Don’t Call it a Bubble
Jun 24, 2018
The median pending sale price for a single-family home statewide in May rose over $400,000 for the first time this year, and the third time in the last 12 months, the Massachusetts Association of Realtors reported early this month.
For closed sales in the month, The Warren Group, publisher of Banker & Tradesman, reports a median sale price of $394,000 for the month, a 6.5 percent increase over 2017. The number of single-family homes sold was down 2 percent compared to May 2017.
People are quick to declare a bubble forming, but if we could see them, we could prevent them. Partially that panicked response is from a traumatized generation that had never seen a recession and are indelibly scarred by the most recent one. And while the Great Recession remains bright in consumers’ memories, it must be noted that it ended almost a decade ago. Ten years is long time in a housing cycle.
But this isn’t a bubble. The extraordinary price appreciation in Greater Boston isn’t due to predatory lending or derivative swaps or robo-stamped mortgage applications. Unless something super shady is going on in the nation’s banking industry that has managed to escape the notice of some very dedicated watchdogs, the area’s prices are based on one of the oldest of economic forces.
MAR also reports a continued trend of reduced inventory – in April it had dropped for 74 of the past 75 months, or more than six years of dropping inventory rates. However, MAR also notes consistently higher year over year listings.
That means there are actually more houses coming onto the market, but they are purchased much more quickly than in years past.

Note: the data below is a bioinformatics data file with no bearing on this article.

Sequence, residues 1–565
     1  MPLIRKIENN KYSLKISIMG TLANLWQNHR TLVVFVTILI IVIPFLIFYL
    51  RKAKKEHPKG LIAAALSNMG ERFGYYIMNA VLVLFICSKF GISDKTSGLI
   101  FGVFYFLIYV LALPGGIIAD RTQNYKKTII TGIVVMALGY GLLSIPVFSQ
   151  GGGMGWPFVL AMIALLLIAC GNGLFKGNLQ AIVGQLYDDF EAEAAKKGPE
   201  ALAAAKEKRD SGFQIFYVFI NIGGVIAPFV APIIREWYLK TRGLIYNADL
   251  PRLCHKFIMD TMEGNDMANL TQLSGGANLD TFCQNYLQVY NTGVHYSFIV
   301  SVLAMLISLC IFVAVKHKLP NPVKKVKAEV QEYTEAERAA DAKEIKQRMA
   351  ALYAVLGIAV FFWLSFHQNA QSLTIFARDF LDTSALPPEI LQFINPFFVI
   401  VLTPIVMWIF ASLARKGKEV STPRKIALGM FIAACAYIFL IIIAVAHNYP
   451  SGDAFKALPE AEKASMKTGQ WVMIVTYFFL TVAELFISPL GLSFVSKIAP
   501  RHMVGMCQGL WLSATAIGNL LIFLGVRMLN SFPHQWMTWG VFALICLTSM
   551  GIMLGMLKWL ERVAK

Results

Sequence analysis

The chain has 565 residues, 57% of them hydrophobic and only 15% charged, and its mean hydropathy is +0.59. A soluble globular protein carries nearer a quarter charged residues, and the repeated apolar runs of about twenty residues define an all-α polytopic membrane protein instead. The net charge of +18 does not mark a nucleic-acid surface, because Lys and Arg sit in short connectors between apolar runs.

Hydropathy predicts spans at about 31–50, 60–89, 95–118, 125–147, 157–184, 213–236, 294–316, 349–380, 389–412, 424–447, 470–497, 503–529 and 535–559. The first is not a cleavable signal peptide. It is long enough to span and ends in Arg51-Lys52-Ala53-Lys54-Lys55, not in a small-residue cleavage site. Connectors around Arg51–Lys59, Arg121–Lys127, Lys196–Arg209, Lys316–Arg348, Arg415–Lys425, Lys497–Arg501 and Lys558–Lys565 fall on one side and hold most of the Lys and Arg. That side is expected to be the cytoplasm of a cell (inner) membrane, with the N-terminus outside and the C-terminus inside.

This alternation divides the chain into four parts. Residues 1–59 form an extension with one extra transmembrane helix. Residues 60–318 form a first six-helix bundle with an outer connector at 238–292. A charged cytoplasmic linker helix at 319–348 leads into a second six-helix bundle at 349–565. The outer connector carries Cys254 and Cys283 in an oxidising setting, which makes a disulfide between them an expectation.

Supply and demand is a simple enough concept and it should be simple to bring balance back to the scale – but this is Boston and nothing is simple. Still, that is what is at the core of our insane local market. There may be more houses (and condominiums) coming online every month than has been the case in recent years, but it is nowhere near the number needed to satisfy hordes of hungry homebuyers.
“You can tell it’s officially spring when new listings start to pour into the market,” 2018 MAR President Rita Coffey, general manager of Century 21 Tullish & Clancy in Weymouth, said in a statement. “Still, buyer demand is so strong that new listings are only part of the solution. We need new construction to really satisfy our inventory problem.”
MAR took to Beacon Hill earlier this month for its annual advocacy and lobbying effort; one of the association’s major concerns was housing production. It’s a noble goal and one that should not be abandoned; our elected officials should realize the seriousness of this situation and act accordingly, but they probably won’t.
So don’t call it a bubble, because it’s not. This is the reality of the Greater Boston housing market, and we’d all better get used to it.